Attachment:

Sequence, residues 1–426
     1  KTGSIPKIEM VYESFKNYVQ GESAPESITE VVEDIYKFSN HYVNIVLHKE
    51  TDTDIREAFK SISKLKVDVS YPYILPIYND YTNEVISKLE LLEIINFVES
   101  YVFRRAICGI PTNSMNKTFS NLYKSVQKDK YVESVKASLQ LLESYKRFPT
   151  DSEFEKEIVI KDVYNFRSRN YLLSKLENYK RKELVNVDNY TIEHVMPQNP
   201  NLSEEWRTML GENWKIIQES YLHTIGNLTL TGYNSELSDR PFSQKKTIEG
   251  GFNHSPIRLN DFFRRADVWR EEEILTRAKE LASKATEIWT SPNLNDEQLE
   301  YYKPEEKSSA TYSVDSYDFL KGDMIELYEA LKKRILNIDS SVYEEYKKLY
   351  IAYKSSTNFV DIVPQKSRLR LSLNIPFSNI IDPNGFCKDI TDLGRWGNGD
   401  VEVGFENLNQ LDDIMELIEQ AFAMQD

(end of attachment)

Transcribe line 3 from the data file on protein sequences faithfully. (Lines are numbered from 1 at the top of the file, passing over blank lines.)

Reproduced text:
    51  TDTDIREAFK SISKLKVDVS YPYILPIYND YTNEVISKLE LLEIINFVES